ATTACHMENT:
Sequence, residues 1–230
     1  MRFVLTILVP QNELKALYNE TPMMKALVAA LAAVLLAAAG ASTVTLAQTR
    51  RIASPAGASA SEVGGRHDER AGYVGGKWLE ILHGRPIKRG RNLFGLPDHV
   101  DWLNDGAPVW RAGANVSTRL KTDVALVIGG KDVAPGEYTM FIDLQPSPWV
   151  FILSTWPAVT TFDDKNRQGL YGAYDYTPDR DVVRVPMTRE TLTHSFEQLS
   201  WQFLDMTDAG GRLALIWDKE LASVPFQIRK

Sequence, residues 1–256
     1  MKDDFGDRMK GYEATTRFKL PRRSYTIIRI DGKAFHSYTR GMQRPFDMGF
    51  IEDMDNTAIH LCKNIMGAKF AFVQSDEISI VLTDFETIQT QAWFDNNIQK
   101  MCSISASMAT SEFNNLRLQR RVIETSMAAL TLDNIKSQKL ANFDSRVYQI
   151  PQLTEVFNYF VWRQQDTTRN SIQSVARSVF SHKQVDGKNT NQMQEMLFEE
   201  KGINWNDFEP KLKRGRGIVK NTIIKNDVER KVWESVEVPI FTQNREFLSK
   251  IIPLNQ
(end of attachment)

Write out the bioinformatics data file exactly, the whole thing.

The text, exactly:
Sequence, residues 1–230
     1  MRFVLTILVP QNELKALYNE TPMMKALVAA LAAVLLAAAG ASTVTLAQTR
    51  RIASPAGASA SEVGGRHDER AGYVGGKWLE ILHGRPIKRG RNLFGLPDHV
   101  DWLNDGAPVW RAGANVSTRL KTDVALVIGG KDVAPGEYTM FIDLQPSPWV
   151  FILSTWPAVT TFDDKNRQGL YGAYDYTPDR DVVRVPMTRE TLTHSFEQLS
   201  WQFLDMTDAG GRLALIWDKE LASVPFQIRK

Sequence, residues 1–256
     1  MKDDFGDRMK GYEATTRFKL PRRSYTIIRI DGKAFHSYTR GMQRPFDMGF
    51  IEDMDNTAIH LCKNIMGAKF AFVQSDEISI VLTDFETIQT QAWFDNNIQK
   101  MCSISASMAT SEFNNLRLQR RVIETSMAAL TLDNIKSQKL ANFDSRVYQI
   151  PQLTEVFNYF VWRQQDTTRN SIQSVARSVF SHKQVDGKNT NQMQEMLFEE
   201  KGINWNDFEP KLKRGRGIVK NTIIKNDVER KVWESVEVPI FTQNREFLSK
   251  IIPLNQ